News is going around how the Hollywood writers are going on strike. The dire circumstances: we’ll probably be without original television for a few months.
However, it raises the question of the point of unions in a creative industry. I can completely understand the purpose of unions in regimented industries that has a clear divide between upper management (white collar) and the blue-collar grunts. But how can it possibly fit in something as varied as screenwriting? It would be absurd for all published novelists to join a union, and if the union didn’t have its demand met – say 20% royalties – all fiction writing had to cease. It would be absurd and unenforceable. Which is why the screenwriter’s guild is equally retarded.
The strength of union lawyers might come in handy for contract negation on some high-profile adaptations and summer blockbusters. But everything else, those niche indie films, character studies, avant-garde narrative structures, innovative dialogue pieces – I think those guys should jump ship. A union shouldn’t dictate creative efforts, nor should it demand industry-wide standards. The market (that is – the creative value of each script) should decide compensation. There shouldn’t be a minimum payoff, or guaranteed revenue streams or profit shares. That kind of thing leads crappy films.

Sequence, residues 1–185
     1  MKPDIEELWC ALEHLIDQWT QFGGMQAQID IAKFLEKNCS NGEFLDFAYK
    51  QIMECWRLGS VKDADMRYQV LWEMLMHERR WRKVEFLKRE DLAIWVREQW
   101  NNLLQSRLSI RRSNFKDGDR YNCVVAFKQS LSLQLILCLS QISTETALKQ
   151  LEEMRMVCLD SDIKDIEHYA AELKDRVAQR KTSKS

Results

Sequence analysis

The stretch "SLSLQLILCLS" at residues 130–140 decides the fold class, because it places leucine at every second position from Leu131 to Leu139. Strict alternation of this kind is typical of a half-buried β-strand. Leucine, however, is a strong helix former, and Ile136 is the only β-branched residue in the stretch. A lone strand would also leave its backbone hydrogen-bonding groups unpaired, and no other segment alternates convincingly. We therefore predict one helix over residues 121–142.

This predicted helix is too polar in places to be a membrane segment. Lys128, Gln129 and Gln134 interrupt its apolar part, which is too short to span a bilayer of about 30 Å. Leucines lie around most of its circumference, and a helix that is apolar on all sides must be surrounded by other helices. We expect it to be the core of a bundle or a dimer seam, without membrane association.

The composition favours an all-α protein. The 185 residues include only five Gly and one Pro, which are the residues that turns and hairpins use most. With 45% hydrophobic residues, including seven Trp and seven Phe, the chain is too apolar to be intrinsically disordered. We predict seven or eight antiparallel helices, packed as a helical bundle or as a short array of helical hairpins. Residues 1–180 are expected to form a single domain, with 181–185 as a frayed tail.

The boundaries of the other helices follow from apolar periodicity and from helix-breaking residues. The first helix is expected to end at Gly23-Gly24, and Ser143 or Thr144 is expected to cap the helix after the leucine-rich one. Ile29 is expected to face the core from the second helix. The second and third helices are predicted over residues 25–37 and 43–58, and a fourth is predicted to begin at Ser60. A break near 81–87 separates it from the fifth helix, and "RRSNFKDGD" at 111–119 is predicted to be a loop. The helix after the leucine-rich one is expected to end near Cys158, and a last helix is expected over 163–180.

And hey, if they were legit writers, they’d be in the game as a labor of love. You want to make cash, be an investment banker.